An occasional series featuring favourite ingredients and kitchen kit....
"Small but sexy...... Made to liven cousous, naturally, but that warm spicy perfumed cocktail of chilli, coriander, caraway, garlic,olive oil and rose petals, will lift many a more mundane creation." (Matthew Fort, The Guardian)
Words cannot truly express how much I love this piquant, fiery paste, a traditional ingredient in North African tagines, and a great condiment. Belazu Rose Harissa is the best, and, like Nigella Lawson, I would love to receive a year's supply, gift-wrapped and delivered straight to my kitchen. On my two holidays to Ireland, I have always packed the Harissa: because I cannot live without it and it comes out with most meals. Other fans include my friends and regular dinner companions, Jacky and Nick, who often ask for the condiment, if it is not already on the table.
Made with chillis and over forty spices, including rose petals, Belazu Rose Harissa has a very special flavour and aroma. Unlike other brands, such as Le Phare du Cap Bon, which my mum used to buy in a tube (beware: it is very, very strong), the hot kick of this harissa is tempered by the rose petals, which also give it a special sweetness. It is the perfect accompaniment to lamb, grilled, roasted, tagine-d or barbecued, but I also serve it with chicken, and meaty fish like tuna. A quick supper is two chicken breasts, flattened between clingfilm, and flash-fried with cumin, garlic and a dollop of harissa. In the Ottolenghi Cookbook, there is a recipe for harissa roast chicken, simple but utterly delicious. You need nothing more than a green salad to go with it. And stir a generous dollop of harissa into cream fraiche or Greek yoghurt (or a mixture of both), and you have an instant dip, or milder condiment. I like to stir it into roasted vegetables or couscous, to give some 'back heat' to a dish.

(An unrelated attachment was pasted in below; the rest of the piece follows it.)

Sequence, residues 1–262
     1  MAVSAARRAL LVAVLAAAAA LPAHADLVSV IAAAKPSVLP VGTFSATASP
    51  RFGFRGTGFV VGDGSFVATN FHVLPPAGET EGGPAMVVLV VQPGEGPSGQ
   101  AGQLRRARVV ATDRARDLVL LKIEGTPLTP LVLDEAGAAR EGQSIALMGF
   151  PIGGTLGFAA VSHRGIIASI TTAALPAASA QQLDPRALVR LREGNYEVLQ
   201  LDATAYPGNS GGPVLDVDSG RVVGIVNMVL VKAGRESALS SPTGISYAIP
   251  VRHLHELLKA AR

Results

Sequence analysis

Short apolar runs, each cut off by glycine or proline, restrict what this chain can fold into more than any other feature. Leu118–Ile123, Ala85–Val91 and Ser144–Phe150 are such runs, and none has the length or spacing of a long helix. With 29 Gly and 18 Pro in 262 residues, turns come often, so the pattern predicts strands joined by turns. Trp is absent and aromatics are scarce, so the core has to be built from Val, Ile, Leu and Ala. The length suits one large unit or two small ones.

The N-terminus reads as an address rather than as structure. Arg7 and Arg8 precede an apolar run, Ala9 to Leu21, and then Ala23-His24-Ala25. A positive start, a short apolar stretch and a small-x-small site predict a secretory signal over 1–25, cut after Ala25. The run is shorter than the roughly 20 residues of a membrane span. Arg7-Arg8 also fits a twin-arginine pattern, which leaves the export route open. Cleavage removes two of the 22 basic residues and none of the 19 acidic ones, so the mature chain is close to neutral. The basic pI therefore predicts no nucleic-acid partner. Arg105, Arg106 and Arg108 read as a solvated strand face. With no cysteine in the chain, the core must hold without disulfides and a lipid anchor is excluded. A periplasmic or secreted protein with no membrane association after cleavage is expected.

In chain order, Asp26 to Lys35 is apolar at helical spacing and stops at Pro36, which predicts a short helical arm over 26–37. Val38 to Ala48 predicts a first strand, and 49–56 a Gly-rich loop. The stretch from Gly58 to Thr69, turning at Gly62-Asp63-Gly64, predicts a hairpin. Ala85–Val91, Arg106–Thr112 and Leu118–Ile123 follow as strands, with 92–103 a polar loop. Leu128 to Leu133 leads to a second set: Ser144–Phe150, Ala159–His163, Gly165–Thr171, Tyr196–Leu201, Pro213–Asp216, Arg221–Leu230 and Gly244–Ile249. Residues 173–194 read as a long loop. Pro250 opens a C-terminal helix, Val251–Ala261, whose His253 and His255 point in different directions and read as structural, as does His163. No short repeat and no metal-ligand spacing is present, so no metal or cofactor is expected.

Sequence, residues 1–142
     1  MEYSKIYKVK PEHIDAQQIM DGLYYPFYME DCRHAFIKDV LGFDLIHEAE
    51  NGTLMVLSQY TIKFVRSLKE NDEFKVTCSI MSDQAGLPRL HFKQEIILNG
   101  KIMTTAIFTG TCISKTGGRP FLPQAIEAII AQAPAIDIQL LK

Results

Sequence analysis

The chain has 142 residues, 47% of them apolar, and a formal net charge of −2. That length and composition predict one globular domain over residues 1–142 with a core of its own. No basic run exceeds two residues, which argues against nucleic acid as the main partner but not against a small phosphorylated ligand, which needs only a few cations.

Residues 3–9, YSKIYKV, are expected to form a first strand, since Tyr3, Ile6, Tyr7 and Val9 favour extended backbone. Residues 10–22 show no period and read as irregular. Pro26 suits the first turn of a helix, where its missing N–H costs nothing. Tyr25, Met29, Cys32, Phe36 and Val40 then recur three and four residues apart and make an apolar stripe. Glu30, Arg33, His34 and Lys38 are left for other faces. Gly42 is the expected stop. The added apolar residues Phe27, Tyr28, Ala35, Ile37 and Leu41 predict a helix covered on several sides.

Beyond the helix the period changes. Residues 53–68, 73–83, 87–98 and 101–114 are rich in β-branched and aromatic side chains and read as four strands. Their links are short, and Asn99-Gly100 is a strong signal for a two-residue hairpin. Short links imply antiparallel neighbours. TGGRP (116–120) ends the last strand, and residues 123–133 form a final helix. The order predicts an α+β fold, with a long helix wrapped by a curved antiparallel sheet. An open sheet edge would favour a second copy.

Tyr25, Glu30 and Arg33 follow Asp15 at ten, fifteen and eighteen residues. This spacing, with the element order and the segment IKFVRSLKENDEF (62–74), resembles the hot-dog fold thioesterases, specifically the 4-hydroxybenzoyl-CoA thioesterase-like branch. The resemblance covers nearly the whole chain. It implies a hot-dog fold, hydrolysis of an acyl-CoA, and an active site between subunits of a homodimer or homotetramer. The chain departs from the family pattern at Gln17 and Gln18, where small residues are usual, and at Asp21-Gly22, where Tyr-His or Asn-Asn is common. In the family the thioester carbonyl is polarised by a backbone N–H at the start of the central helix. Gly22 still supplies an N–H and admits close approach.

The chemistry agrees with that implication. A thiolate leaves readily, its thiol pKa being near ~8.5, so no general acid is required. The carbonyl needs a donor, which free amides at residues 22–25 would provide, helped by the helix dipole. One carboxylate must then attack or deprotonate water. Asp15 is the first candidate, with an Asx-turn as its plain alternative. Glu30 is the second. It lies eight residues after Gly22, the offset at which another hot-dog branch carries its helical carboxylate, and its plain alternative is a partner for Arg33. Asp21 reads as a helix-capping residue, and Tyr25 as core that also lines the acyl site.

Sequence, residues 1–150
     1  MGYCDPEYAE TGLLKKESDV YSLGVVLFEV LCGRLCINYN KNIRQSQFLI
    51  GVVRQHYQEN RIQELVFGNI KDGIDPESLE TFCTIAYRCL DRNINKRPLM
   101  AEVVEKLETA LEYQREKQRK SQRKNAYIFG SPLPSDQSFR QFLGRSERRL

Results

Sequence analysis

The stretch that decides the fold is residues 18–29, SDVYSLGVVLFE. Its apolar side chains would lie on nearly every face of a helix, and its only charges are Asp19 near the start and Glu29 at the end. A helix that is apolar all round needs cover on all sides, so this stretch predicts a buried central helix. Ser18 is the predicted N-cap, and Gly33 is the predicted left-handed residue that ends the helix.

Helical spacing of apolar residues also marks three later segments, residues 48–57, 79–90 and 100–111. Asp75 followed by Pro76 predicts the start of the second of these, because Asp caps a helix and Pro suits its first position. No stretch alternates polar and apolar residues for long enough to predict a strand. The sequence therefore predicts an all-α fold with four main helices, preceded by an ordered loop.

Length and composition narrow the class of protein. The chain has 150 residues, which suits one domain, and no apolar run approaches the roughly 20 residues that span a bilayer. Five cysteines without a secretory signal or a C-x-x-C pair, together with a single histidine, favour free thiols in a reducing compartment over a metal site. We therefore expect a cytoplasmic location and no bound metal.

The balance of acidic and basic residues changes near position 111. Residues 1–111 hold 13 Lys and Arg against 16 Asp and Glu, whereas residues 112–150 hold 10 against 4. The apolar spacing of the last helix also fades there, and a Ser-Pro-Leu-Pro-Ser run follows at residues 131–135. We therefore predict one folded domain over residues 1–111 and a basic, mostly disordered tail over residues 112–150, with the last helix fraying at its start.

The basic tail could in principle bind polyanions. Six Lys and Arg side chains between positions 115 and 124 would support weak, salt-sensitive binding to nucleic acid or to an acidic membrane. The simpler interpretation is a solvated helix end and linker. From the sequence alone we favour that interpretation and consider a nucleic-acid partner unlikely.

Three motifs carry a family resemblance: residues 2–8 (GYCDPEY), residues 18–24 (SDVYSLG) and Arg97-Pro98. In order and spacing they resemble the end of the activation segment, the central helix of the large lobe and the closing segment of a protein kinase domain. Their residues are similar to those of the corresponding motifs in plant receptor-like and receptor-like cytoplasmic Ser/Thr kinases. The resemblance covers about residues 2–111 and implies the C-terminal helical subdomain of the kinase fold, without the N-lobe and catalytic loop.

I first tried harissa in the early 1980s when my mother (an excellent and imaginative cook) started moving away from the traditional cordon bleu-type cookery to more adventurous 'world' cuisine. As part of the fundraising for the dreadful famine in Ethopia in 1984, Oxfam brought out a cookbook, compiled from contributions by the general public. A favourite recipe, and one which I still make, was West African Groundnut Curry. My mother used to make this quite often as a lunch dish, as it can be easily stretched for feed many, served with fluffy couscous and a sauce made from the most fiery harissa. The sauce for the curry is made with peanut butter, and the harissa cuts into the smooth, sweet-saltiness of the peanut butter perfectly.
Because it does not last long in this house, I always order two jars when I do my monthly Ocado shop.
You can purchase Belazu Rose Harissa in Waitrose, or online direct from Belazu